1,000 in Abortion Rights Campaign Lobby Congress

Times Staff Writer

In the largest lobbying effort ever undertaken on the abortion issue, more than 1,000 activists jammed the halls of Congress Monday, urging lawmakers to uphold women’s abortion rights, family planning services and equal protection under the laws.

“We’re sending Congress a big signal today because we’re never turning back, we’ll never allow abortion protections to be taken away,” said Eleanor Smeal, former president of the National Organization for Women, which coordinated the turnout on Capitol Hill.

The lobbying, a continuation of a Sunday march that drew participants from across the nation, targeted congressional friends and foes with carefully crafted pitches to preserve the Supreme Court’s 1973 Roe vs. Wade decision that made abortion legal.


Advocates also urged lawmakers to increase funds for birth control programs, to pass the equal rights amendment and to support the availability of RU-486, a controversial pill that can induce an abortion. The drug is not sold in the United States.

“This is the largest campaign we’ve pulled together so far,” Smeal said. She predicted that supporters would continue to visit Washington on behalf of abortion rights and that more demonstrations like Sunday’s would be organized.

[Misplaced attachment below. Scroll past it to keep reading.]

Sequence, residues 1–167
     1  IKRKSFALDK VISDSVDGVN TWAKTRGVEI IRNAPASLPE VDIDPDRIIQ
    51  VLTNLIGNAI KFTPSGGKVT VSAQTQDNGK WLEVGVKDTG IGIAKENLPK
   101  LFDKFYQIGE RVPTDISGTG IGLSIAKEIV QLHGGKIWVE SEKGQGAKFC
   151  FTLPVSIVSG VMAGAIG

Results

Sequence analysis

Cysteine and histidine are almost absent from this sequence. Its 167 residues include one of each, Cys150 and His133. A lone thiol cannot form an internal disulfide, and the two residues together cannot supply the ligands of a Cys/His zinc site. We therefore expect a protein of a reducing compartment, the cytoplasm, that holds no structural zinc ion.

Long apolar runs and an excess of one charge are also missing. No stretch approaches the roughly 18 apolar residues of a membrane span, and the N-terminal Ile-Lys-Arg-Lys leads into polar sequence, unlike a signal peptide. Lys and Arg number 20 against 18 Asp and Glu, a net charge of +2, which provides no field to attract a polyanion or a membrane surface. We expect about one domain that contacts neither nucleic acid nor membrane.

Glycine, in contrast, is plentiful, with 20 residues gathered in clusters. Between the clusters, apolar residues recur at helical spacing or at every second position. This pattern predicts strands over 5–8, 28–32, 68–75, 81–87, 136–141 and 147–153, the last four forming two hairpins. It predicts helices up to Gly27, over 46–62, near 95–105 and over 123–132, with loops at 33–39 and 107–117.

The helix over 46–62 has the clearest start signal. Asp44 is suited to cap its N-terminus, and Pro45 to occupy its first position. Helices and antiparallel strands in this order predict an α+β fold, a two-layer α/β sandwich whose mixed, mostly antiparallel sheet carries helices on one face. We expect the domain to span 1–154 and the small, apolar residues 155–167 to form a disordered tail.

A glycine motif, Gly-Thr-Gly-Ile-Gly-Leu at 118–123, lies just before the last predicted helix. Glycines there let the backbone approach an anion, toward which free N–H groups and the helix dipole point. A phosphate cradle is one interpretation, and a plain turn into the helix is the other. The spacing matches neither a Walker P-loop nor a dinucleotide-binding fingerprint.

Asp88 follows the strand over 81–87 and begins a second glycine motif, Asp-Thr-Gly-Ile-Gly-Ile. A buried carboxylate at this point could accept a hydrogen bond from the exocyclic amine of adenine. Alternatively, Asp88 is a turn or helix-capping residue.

Organizers said that the weekend event drew more than 600,000 participants, although U.S. Park police earlier had estimated the number at 300,000.

Monday’s politicking started early, with groups of demonstrators setting out to meet with their representatives in Congress. Before they began knocking on doors, however, many were given briefings by organizers on key issues to raise and strategies to adopt.

When dealing with anti-abortion members, for example, lobbyists were advised to steer clear of “polarizing” questions that could jeopardize meaningful discussion, said Nancy Hirshbein, a lobbyist representing the Coalition for Reproductive Choice.

“Just tell them what concerns you and don’t be shy,” she said in one briefing session. “Remember that they represent you and that they work for us. It’s their job to listen.”

A 23-year-old Los Angeles woman, who asked not to be identified, said that she would “dearly love” to camp outside the office of Sen. Jesse Helms (R-N.C.), a staunch abortion opponent, to make a personal appeal. Hirshbein cautioned her, however, that lobbyists would have the biggest impact by dealing with their own representatives.

For most, it proved to be an eye-opening experience. Some were dismayed to learn that their congressmen were not in their offices and that they would have to deal with staff members. Others seemed bewildered by the profusion of issues raised in the briefing sessions, many of which they had never encountered before.

As they made their rounds to House and Senate offices, most of the advocates delivered information packages containing a 30-minute “Abortion for Survival” video, as well as check-off lists seeking lawmakers’ opinions on a variety of issues.

“I’ve never done anything like this before, but I came because of the issue itself,” said Sheila Hittelman-Sohn, a 51-year-old San Diego woman who marched Sunday with her 27-year-old daughter, Deborah. “It really galvanized me to speak out.”

After watching the abortion video in a training session, Hittelman-Sohn set out for the office of her local congressman, Rep. Jim Bates (D-San Diego). Arriving unannounced, she was given a brief interview with Bates, who said that he supports her positions.